Lagier B, Pelicic V, Lecossier D, et al., 1998, Identification of genetic loci implicated in the survival of Mycobacterium smegmatis in human mononuclear phagocytes., Mol Microbiol, Vol: 29, Pages: 465-475, ISSN: 0950-382X
A luminescence-based procedure that permits the rapid evaluation of the survival of mycobacteria within mononuclear phagocytes was developed and used to screen insertional mutants of Mycobacterium smegmatis for their ability to survive in human monocyte-derived macrophages. Among the 5000 mutants tested, eight mutants were identified that demonstrated impaired intracellular survival in human macrophages but that grew normally in the absence of cells. For each mutant, a portion of the gene interrupted by the transposition event was amplified by ligand-mediated PCR and sequenced. In all cases, the existence of homologous genes of as yet unknown function were identified in the Mycobacterium tuberculosis genome. Complementation of the mutant mycobacterial strains with cosmids containing the homologous loci from M. tuberculosis restored normal intracellular growth in three of the four mutants tested, supporting the idea that these loci contain genes that are important for intracellular survival. This study demonstrates the feasibility of directly screening mutant mycobacterial strains to identify genes coding for activities necessary for the intracellular survival in human mononuclear phagocytes, an important initial step in the identification of potential targets for new therapeutic agents.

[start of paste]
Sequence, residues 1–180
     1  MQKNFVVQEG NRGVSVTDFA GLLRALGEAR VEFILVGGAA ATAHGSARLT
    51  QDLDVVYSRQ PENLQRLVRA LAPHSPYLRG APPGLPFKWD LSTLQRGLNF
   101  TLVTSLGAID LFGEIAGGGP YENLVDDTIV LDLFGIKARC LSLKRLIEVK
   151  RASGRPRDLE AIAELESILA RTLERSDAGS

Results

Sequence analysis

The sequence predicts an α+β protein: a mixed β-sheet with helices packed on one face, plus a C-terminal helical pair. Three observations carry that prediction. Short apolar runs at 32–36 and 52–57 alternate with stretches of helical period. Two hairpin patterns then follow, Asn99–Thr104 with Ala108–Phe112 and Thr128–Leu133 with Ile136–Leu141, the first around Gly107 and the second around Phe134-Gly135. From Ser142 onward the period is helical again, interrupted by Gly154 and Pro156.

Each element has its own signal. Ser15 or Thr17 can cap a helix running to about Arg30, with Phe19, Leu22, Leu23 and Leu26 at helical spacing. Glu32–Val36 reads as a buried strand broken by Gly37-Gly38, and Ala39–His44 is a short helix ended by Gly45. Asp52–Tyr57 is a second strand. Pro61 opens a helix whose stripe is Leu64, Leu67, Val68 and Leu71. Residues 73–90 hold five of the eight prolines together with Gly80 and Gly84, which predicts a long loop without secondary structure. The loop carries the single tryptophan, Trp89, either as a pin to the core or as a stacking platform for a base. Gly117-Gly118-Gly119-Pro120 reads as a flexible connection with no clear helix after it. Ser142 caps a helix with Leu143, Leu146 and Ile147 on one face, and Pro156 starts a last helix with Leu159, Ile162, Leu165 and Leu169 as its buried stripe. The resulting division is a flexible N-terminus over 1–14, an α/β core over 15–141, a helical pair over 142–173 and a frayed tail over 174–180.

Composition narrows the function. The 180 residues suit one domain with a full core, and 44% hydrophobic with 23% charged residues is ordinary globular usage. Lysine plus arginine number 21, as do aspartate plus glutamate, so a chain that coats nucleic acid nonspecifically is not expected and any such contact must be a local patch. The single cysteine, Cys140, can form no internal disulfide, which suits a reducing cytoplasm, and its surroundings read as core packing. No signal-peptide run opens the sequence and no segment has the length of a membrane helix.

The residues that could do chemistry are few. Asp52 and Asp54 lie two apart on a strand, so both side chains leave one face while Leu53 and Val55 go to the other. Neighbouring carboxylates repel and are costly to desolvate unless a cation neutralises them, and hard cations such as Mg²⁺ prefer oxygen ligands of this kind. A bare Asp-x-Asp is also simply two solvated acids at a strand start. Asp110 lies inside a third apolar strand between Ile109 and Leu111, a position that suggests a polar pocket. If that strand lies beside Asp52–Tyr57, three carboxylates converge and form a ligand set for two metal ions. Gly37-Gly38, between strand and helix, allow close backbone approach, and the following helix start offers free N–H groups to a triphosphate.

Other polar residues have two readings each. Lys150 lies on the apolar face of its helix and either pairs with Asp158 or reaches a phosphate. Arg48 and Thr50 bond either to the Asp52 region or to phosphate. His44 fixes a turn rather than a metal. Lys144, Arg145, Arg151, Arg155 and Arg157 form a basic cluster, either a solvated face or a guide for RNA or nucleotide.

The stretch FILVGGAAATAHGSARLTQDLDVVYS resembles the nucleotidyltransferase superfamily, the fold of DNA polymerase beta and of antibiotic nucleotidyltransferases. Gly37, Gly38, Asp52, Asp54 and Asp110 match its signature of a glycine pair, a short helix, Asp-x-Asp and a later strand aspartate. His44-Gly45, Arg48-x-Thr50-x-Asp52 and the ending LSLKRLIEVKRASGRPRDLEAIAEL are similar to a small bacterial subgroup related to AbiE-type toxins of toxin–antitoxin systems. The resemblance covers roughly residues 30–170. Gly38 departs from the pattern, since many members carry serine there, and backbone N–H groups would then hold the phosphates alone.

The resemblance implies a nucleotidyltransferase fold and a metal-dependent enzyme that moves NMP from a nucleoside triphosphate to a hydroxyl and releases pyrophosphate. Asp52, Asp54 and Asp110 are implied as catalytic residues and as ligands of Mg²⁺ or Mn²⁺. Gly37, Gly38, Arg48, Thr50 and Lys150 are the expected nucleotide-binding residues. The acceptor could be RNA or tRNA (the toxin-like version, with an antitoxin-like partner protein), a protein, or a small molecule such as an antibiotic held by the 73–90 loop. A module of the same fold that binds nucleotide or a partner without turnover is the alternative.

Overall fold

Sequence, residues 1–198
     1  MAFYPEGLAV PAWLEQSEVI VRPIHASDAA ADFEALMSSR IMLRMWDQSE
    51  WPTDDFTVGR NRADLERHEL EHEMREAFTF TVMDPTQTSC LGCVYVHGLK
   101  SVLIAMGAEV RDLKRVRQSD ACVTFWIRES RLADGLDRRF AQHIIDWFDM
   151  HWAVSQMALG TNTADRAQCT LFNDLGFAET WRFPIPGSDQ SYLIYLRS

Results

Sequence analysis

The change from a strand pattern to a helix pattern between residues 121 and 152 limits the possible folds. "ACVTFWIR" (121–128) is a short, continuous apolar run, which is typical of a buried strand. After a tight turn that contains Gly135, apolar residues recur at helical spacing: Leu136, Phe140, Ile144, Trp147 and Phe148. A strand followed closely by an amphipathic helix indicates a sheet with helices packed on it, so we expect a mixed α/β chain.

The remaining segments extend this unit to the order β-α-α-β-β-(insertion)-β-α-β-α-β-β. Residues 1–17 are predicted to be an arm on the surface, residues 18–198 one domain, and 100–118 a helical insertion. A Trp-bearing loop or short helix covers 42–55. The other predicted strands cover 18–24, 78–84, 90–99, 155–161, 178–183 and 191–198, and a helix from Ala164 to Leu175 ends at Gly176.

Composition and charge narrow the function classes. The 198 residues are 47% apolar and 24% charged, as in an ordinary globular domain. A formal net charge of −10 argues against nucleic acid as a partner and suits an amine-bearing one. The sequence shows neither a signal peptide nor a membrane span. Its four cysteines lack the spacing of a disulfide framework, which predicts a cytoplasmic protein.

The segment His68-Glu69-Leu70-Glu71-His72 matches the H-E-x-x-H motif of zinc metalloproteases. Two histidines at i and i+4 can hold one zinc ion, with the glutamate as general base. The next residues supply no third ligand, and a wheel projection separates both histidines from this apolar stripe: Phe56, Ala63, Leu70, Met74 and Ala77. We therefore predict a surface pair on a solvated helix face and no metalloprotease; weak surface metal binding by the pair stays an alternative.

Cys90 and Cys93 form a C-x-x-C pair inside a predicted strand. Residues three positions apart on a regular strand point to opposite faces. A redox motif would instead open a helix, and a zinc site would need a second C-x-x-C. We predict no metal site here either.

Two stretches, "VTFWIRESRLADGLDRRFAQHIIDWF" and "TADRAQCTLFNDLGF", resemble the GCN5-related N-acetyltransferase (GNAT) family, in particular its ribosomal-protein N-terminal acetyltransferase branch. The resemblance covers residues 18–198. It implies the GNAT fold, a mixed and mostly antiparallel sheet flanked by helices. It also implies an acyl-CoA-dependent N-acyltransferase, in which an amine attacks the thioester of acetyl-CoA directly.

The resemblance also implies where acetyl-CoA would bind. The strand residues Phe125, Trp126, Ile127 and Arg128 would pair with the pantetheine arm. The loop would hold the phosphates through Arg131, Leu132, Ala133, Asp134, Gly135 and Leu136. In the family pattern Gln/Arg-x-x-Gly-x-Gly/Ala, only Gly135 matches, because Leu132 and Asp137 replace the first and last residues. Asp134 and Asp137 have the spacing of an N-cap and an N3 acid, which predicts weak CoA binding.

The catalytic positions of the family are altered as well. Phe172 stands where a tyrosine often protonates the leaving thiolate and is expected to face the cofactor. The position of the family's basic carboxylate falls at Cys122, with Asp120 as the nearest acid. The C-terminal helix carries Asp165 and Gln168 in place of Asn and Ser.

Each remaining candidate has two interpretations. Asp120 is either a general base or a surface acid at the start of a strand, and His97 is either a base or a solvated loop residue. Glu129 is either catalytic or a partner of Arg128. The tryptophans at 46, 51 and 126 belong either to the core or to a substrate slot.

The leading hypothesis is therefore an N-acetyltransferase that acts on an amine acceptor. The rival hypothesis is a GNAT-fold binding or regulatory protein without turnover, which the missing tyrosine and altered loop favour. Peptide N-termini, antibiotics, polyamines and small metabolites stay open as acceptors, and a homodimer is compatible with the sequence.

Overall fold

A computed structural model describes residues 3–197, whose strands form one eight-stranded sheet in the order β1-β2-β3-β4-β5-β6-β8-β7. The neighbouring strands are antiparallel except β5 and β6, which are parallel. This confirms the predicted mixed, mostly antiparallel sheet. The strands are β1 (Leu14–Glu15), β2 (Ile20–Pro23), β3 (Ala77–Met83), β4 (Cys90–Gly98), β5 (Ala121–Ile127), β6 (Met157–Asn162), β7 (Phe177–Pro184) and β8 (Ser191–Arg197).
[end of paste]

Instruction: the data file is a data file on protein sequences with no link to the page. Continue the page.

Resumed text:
Pelicic V, Reyrat JM, Gicquel B, 1998, Genetic advances for studying Mycobacterium tuberculosis pathogenicity., Mol Microbiol, Vol: 28, Pages: 413-420, ISSN: 0950-382X